Staging Pain in Late Medieval and Early Modern Drama
This dissertation traces the staging of pain from the late medieval Passion pageants, particularly in York, into the performances of the work of Kyd, Shakespeare, and Webster. The project challenges the assumption that there is a deep phenomenological divide between late medieval plays and the stage of Shakespeare and his contemporaries. I focus specifically on staged pain, using the Passion sequences in the late-medieval mystery plays as a foundation from which to understand the representation of pain on the emerging commercial stage of the late sixteenth and early seventeenth centuries. Pain is the crux for me because it functions as an intersection between embodiment and imagination, physical and mental experience; it is a means by which to investigate tensions surrounding ideas of cognition and materiality as they operated before, during, and through the Protestant Reformation. My work extends from, but nuances the substantial body of critical work on the body and violence. I argue that while violence may be representable, public, and describable, its result, physical pain, exists as an inherently subjective, internal and indescribable experience.
The introduction to my project frames the issue of pain from medieval and early modern perspectives, and through the lens of contemporary criticism. I assess sermons, religious tracts, medical documents, and political statements to flesh out a picture of the ways in which pain was imagined, experienced, and utilized in the period. I then consider the work of theorists such as Elaine Scarry, Drew Leder, Hannah Arendt, and David Morris to construct the critical and philosophical framework of my project.
In my first chapter, I offer an extended analysis of the Passion sequence at York, with a focus on the Tilemakers’ Christ before Pilate (2): The Judgement. I begin the chapter with an examination of late medieval drama as multisensory, three-dimensional, dynamic performance. While this may seem a mundane objective, I argue that the mystery plays have long and often been viewed as static artifacts, and criticism has privileged the visual in assessing their dramatic and cultural functions. Further, I draw upon the work of critics such as David Aers and Michael O’Connell in hopes to redress what Aers calls the “amnesia” of early modernists about the possibility of imagining “modern” subjects prior to the Reformation. Ultimately, I suggest that the dramatic construction of pain, so essential to the didactic purposes of the Corpus Christi festival, also functions as a dynamic and multivalent exchange which performs the problem of believing without embodied experience.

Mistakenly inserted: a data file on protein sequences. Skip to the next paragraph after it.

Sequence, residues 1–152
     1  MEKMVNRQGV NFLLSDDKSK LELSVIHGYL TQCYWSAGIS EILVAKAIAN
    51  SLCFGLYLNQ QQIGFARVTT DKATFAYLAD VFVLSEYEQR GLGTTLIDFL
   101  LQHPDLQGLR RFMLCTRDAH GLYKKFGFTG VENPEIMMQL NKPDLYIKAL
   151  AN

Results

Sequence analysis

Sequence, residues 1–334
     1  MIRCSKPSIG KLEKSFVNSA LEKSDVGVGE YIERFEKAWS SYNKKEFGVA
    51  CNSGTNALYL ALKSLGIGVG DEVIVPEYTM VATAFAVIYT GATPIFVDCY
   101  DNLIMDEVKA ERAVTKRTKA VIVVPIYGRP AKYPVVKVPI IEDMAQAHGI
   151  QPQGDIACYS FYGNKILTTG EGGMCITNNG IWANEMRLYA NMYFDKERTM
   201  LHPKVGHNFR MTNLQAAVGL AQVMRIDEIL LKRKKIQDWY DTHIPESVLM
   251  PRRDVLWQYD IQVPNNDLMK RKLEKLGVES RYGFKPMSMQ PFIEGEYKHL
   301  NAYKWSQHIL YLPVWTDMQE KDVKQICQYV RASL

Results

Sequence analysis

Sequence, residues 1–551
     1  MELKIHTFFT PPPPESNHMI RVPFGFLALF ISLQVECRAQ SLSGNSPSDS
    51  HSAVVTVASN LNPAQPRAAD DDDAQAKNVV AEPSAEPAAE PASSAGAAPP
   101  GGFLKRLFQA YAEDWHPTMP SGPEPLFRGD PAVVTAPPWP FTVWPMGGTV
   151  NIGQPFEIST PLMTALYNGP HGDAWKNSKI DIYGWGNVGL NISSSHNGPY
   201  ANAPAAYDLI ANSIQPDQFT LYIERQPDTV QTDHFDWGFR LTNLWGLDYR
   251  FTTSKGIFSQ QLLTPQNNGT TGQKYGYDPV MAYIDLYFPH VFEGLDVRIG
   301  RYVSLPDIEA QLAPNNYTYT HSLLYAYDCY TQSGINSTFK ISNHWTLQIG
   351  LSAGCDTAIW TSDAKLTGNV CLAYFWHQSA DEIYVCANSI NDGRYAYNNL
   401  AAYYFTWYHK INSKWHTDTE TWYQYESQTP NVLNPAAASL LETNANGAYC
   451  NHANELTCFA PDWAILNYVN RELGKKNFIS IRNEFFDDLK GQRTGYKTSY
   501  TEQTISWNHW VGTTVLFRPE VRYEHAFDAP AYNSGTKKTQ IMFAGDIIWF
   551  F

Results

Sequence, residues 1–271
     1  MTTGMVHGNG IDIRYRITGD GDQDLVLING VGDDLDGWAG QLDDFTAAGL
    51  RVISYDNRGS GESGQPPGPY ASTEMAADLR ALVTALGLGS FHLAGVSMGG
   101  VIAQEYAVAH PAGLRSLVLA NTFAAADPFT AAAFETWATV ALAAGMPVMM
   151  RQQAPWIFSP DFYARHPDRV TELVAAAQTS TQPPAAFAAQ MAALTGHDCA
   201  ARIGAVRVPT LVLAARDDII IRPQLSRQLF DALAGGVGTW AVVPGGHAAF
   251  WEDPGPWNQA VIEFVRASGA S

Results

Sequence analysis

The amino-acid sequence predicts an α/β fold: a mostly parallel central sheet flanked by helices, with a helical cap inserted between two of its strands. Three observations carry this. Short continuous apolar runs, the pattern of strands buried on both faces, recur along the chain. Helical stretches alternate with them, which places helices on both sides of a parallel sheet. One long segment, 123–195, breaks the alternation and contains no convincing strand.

The second chapter assesses the dramatic and ontological “gaps” surrounding the performance of pain in Kyd’s The Spanish Tragedy and Shakespeare’s Titus Andronicus. As we see in The Tilemakers’ play at York, Shakespeare and Kyd are preoccupied with staging pain, with the troubles posed by language as we try to articulate the subjective experience of observable facts, and with the problem of other (suffering) minds. In both The Spanish Tragedy and Titus Andronicus, the body in pain is evacuated of stable meaning, it evades verbal signification, and it gestures to the stark horror of the human cycle of violence. Each play demonstrates conspicuous and repetitive verbal attempts to communicate about pain and to request help in response to it; the body in pain in these plays introduces a significant anxiety about the nature of language.
The third chapter uses current research in cognitive theory to read John Webster’s The Duchess of Malfi; the chapter examines the emergence of a conspicuously language-inspired, imagination-oriented representation of pain in the play. The mind’s capacity to imagine pain, the play suggests, far outweighs the body's capacity to feel it. Critics have often criticized Webster's play for its excessive violence and horror; indeed, The Duchess of Malfi meditates on the human condition of pain at great length. However, it also departs from a tradition of dramatic bloodbaths to reposition the specter of violence and the bodily sensation of pain in terms of mental experience.
The fourth chapter investigates the performance history of particular moments of pain, including the scourging of Christ in the Passion plays, the mutilation of Lavinia in Titus, and the gouging of Gloucester's eyes in King Lear. This history indicates varied audience response to moments of staged pain; divergent reactions to these moments in performance suggest the tenuous boundary between empathy and laughter.
The dissertation thus traces a transformation in anxiety from the dangers and vulnerabilities of the body, to those of the mind. Throughout, I draw on my broader interests in narrative theory, performance theory, the phenomenology of pain, and the cognitive and emotive ramifications of theater.